A five-year-old girl was buckled snugly into her booster seat in the back of her parent’s Toyota passenger car. It was the the day before Christmas 2014. She and her family – her mother, her father, and her older sister – were on the Texas interstate. Up ahead, police had stopped traffic. The girl’s dad, behind the wheel, applied the brake. The vehicle stopped in the left lane. The driver of the sport utility vehicle behind them, though, never saw the brake lights. At the time, he was using the video chat application on his Apple iPhone 6 Plus, known as FaceTime. The brakes on his 5,000-pound vehicle, traveling at full speed, were never applied.
Everyone was hurt, but the injuries of the little girl and her father were especially serious. He survived. She did not.
Now, in Modisette v. Apple, the family is suing the manufacturer of the iPhone and its FaceTime application, which comes pre-loaded onto all iPhones and iPads. The plaintiffs allege that Apple has the technology to determine when a user is operating a motor vehicle and can disable the video chat application, which can dangerously consume a driver’s attention.
There has been a lot of debate about this case in recent weeks since it was first reported by Courthouse News. Many people question why we would hold a mobile device manufacturer liable for a distracted driving accident. That might be like holding a knife manufacturer liable for a stabbing. It’s the person wielding the technology who should be responsible.
There are two things to consider with this logic. The first is that the driver is still held responsible. He’s not off the hook. He survived but is facing manslaughter charges and certainly could be named as a defendant in a civil lawsuit if his auto insurance company refused to settle for a reasonable amount. The fact of his liability does not necessarily excuse the liability of third parties. The second point to consider is that the legal concept of third-party liability – even in car accidents – is not unheard of. In fact, it’s pretty well-established. Consider, for example, the vicarious liability that can be imposed against car owners or employers of negligent drivers. Even when those parties are not directly negligent, they can be found vicariously liable based on the duty of care owed by virtue of their relationship to the vehicle or the negligent driver. We also see it in premises liability law, under which a property owner can be found liable for the violent acts of a third party – even if they had no part in the acts – for their negligence in failing to take preventative measures when the violent acts were foreseeable.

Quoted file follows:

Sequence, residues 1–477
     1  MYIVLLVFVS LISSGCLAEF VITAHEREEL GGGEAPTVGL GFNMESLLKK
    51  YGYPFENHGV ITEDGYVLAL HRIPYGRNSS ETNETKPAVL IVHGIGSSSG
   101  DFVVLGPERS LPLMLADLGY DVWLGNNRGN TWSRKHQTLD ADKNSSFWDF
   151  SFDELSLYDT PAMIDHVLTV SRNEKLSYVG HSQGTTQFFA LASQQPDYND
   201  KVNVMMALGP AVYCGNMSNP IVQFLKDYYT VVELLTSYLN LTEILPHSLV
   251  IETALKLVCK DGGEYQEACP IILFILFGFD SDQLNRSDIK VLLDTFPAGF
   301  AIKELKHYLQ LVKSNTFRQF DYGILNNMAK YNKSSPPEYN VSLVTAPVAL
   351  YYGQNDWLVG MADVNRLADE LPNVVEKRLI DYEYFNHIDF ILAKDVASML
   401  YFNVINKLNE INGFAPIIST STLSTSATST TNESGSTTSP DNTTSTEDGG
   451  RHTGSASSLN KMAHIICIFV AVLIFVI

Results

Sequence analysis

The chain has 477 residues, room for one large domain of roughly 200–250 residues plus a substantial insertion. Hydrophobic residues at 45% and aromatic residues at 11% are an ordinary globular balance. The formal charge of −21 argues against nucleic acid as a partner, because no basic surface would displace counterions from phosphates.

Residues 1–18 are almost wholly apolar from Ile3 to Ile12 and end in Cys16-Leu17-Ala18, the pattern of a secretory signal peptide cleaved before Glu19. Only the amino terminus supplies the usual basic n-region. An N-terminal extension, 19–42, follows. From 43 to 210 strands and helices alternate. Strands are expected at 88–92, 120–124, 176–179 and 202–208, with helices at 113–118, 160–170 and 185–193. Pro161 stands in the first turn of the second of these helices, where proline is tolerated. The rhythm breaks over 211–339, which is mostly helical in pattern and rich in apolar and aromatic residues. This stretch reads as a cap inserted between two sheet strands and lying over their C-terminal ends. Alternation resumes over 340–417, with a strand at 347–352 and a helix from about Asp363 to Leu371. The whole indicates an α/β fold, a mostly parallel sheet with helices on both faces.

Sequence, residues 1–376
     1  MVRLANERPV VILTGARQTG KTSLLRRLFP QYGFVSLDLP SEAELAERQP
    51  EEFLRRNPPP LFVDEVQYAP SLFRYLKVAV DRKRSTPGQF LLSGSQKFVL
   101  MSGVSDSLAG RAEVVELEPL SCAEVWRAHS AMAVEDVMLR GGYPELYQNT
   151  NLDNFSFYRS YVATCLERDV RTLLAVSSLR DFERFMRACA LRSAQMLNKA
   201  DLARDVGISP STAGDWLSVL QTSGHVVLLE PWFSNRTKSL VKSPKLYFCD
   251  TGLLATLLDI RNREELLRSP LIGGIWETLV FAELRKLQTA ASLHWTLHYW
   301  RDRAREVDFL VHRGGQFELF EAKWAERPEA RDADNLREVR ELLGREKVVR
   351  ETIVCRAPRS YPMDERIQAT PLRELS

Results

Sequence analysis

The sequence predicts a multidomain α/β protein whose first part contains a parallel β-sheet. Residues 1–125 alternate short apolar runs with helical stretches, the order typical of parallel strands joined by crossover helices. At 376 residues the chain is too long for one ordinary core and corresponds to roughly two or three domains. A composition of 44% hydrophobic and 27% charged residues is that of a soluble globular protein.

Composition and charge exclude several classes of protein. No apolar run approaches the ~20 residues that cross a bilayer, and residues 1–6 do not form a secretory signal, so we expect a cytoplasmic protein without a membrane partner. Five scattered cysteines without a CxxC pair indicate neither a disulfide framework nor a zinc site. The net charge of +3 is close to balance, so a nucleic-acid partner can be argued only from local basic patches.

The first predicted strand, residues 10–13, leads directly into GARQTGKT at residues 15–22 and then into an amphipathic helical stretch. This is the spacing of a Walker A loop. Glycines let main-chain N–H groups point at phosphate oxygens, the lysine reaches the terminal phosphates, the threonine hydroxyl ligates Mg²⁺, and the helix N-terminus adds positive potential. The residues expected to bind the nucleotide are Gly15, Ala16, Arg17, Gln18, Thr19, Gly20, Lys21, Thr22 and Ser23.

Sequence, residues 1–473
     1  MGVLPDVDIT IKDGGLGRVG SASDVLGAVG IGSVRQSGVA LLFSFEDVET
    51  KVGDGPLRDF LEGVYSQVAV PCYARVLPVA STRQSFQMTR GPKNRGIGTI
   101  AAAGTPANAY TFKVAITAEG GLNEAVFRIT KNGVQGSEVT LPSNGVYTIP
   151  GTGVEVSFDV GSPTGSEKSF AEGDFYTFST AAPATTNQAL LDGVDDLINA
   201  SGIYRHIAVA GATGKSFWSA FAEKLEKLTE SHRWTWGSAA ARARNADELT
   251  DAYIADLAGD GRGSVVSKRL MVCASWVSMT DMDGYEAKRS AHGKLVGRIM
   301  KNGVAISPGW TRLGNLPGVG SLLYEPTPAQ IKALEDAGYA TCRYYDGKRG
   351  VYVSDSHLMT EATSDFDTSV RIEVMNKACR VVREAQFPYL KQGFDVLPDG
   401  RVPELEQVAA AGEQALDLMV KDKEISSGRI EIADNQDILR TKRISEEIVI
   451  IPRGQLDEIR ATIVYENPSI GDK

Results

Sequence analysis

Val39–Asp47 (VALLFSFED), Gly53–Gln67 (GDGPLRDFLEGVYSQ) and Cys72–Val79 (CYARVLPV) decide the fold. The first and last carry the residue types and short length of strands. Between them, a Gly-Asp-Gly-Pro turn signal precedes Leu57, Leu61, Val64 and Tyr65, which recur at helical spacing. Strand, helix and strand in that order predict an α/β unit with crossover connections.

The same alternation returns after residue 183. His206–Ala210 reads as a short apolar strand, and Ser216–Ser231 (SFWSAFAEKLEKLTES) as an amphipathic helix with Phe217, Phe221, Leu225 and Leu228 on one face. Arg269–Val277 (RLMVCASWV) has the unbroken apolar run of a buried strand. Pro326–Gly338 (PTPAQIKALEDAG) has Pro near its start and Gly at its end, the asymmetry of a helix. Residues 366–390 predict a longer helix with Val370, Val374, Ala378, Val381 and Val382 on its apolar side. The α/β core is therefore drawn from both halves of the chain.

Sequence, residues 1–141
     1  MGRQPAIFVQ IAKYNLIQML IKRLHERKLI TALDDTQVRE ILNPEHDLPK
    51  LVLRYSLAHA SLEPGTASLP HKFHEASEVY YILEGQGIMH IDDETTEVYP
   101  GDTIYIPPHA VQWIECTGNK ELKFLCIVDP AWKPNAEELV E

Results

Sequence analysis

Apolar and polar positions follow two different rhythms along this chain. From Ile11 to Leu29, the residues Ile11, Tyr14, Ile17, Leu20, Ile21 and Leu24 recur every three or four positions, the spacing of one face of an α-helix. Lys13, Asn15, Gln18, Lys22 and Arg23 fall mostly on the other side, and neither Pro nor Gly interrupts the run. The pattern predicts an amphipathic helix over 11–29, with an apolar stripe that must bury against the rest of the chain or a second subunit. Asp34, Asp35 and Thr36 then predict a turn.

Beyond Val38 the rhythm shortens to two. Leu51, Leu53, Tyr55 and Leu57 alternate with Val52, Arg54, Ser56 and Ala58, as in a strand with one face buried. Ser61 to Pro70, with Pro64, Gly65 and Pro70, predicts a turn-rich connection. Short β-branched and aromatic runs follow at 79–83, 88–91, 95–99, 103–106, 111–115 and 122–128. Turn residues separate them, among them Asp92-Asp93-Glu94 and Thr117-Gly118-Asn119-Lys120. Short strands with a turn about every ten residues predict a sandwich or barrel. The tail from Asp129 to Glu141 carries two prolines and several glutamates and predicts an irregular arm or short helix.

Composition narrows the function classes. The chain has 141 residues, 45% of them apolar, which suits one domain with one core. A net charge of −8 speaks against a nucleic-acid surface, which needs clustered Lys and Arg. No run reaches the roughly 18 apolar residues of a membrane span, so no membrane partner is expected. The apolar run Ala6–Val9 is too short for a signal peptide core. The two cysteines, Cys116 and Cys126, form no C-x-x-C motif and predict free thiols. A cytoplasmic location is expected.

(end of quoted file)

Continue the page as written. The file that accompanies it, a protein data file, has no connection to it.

It’s this same kind of concept that plaintiffs are applying here in this case. Cell phone and technology companies are aware their products are being used in a manner that is dangerous and potentially deadly. They have the means and the technology to prevent these accidents. Yet they have not activated those protective features.
In this case, the FaceTime app was still running on the SUV driver’s phone when police finally found it, amid the wreckage.
The family’s civil lawsuit against Apple was filed on the two-year anniversary of the crash.
Between January and June of last year, the number of highway deaths increased by more than 10 percent, compared with the same time frame last year, according to the National Highway Traffic Safety Administration. A major cause of this uptick, say officials, is the increasing use of apps on smartphones by drivers.
Contact the Carolina injury lawyers at the Lee Law Offices by calling 800-887-1965.
A man using FaceTime killed a 5-year-old girl in a highway crash. Was Apple to blame? Jan. 2,2015, By Cleve R. Wootson Jr., The Washington Post
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Rocket Scientist Offers Device to End Distracted Driving, Dec. 28, 2016, Asheville Car Accident Lawyer Blog